Why weren’t the Wall Street executives prosecuted for the 2008 economic crisis?
The financial crisis of 2008 was a severe blow to the banking system of the developed world. Even though in the aftermath of the crash, primary reasons and culprits were identified, the senior executives of the Wall Street – the main offenders – went unpunished, causing a lot of criticism of the Department of Justice. The question is, whether there are any objective factors that explain the impunity of the major players in the corporate world.
One of the main reasons lays into the fundamental principle of the corporate law, namely, the corporations are held accountable for the actions of their employees during the period and scope of their employment, rather than individuals themselves (212 U.S. 481 (1909)). Acting on this rule, prosecutors punish corporations for wrongdoings of their employees. However, corporations have “no soul to be damned, no body to kick” (Coffee, 1981), so they pay with the check.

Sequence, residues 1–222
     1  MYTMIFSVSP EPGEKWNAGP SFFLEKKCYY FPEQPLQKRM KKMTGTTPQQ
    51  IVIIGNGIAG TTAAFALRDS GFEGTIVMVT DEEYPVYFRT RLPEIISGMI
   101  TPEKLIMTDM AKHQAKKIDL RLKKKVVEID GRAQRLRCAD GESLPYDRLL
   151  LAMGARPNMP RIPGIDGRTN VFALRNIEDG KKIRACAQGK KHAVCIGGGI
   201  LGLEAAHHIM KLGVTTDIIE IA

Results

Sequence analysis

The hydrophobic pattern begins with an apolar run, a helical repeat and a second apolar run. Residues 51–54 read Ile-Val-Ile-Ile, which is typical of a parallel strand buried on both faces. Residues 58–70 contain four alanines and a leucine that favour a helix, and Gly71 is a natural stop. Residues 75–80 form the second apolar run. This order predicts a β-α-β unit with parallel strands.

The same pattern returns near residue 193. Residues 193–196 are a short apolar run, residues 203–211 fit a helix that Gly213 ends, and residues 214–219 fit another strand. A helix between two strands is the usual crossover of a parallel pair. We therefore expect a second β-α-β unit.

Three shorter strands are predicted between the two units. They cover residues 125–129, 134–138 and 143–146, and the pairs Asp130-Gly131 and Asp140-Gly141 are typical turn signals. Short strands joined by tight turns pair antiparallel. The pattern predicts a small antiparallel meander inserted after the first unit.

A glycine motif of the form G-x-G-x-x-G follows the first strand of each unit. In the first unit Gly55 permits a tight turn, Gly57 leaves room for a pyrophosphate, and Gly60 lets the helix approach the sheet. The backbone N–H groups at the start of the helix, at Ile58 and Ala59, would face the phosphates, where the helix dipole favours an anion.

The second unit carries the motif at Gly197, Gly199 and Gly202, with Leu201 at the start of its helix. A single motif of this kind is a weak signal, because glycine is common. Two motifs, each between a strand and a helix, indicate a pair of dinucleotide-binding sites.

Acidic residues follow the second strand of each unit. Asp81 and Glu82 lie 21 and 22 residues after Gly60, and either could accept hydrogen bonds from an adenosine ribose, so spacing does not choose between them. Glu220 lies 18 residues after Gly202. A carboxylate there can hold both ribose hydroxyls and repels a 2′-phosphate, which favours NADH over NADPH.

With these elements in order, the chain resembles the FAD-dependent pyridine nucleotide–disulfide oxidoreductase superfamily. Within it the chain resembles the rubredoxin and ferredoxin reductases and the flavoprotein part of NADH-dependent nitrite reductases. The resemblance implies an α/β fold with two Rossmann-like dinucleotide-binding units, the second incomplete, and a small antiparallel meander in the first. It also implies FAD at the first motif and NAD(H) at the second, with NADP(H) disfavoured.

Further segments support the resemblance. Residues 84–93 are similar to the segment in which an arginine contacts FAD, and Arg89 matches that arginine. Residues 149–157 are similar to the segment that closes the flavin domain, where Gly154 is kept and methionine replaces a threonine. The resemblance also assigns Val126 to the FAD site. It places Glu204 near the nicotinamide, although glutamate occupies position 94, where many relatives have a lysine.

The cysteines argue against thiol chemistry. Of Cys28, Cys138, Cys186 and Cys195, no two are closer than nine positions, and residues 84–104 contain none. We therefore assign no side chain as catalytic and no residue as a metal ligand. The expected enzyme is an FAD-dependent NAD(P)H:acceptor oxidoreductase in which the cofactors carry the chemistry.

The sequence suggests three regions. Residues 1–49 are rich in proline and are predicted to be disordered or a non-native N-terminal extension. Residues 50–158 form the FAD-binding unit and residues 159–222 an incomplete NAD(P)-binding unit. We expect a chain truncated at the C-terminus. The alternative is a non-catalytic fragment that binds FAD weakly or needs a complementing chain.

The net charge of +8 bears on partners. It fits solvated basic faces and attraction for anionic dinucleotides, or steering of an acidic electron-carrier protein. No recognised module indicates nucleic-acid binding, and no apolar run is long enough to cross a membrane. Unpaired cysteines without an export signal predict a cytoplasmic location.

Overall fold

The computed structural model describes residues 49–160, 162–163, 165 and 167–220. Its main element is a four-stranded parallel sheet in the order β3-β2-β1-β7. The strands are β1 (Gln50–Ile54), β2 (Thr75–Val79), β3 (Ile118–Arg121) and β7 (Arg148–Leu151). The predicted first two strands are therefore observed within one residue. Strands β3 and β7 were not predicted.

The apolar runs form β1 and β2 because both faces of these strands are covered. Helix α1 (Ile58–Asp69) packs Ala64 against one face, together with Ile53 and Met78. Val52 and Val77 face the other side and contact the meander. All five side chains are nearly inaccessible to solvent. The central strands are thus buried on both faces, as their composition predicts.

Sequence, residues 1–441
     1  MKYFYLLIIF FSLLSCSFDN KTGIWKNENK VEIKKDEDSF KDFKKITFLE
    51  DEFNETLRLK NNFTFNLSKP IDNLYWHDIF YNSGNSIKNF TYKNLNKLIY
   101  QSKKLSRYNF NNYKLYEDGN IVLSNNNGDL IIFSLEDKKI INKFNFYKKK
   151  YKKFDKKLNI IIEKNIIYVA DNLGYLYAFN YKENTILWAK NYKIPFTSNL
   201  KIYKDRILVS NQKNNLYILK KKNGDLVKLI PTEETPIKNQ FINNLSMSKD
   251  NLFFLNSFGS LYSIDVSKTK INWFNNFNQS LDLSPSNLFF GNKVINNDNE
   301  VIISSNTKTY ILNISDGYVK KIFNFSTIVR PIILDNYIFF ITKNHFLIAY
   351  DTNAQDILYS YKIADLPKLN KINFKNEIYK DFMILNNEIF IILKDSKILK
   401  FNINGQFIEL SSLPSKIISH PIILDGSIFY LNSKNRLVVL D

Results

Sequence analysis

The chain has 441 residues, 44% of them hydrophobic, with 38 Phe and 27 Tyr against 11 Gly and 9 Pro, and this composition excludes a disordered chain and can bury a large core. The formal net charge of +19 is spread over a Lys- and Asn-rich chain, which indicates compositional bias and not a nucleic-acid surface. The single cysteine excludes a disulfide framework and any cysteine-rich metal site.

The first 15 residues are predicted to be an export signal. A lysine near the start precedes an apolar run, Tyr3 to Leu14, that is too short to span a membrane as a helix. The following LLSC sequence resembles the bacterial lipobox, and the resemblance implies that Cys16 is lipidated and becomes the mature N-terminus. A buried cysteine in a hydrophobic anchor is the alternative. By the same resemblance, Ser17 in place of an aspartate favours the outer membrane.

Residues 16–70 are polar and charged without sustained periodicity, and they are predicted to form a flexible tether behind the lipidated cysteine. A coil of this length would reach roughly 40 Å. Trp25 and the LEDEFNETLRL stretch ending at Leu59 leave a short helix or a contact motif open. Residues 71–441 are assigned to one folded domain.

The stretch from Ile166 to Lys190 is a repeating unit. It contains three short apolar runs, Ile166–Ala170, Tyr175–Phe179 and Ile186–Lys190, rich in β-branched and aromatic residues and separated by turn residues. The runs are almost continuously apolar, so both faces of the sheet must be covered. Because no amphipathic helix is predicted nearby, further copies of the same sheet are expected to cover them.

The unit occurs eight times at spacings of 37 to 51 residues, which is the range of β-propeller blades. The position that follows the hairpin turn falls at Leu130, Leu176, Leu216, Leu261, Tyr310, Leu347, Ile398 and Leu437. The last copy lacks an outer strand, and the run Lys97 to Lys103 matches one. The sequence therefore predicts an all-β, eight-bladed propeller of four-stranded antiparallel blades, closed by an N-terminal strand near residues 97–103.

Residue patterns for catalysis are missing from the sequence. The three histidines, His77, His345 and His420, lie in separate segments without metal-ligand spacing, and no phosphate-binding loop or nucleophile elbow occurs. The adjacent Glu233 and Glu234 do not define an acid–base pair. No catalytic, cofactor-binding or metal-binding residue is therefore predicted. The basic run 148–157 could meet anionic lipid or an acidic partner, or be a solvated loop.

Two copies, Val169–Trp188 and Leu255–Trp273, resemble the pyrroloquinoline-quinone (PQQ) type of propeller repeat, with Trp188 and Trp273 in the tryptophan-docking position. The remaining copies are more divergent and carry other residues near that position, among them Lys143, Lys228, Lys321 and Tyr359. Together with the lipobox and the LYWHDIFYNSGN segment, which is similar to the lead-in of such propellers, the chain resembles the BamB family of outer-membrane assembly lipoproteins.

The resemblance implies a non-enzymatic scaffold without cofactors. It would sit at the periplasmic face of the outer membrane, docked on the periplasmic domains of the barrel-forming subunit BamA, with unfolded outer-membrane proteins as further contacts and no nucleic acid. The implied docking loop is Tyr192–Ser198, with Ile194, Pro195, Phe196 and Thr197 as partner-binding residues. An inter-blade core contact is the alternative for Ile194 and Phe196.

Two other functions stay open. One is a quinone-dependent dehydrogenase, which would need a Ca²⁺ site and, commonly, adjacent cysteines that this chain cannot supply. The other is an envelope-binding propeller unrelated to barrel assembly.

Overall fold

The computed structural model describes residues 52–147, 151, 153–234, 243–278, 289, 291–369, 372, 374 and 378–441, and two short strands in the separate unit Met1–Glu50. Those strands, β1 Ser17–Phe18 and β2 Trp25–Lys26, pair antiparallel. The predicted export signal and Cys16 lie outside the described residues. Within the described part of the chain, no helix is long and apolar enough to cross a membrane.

Generally, since 2009, 49 financial companies were imposed enormous fines and paid about $190 billion to the state and individuals (Cohan, 2015). Nevertheless, this money was derived from the shareholders’ pockets, so basically, no banker suffered from these fines personally.
In the cases, the prosecution process against a corporation is initiated, it often results into the damaged reputation of the defendant company, leading to the slump in its stock price and financial instability of the company. This is why often deferred prosecution agreement takes place when the organization pays fines in order to escape conviction.
To sum up, the main cause of Wall Street executives’ immunity to punishment is an inadequate system of justice, that punishes corporations instead of individual wrongdoers.
- Coffee. J.C. (1981) ‘No Soul to Damn: No Body to Kick’: An Unscandalized Inquiry into the Problem of Corporate Punishment,” Michigan Law Review 79: 386
- Cohan, W.D. (September 2015) How Wall Street’s Bankers Stayed Out of Jail. The Atlantic. Retrieved from http://www.theatlantic.com/magazine/archive/2015/09/how-wall-streets-bankers-stayed-out-of-jail/399368/
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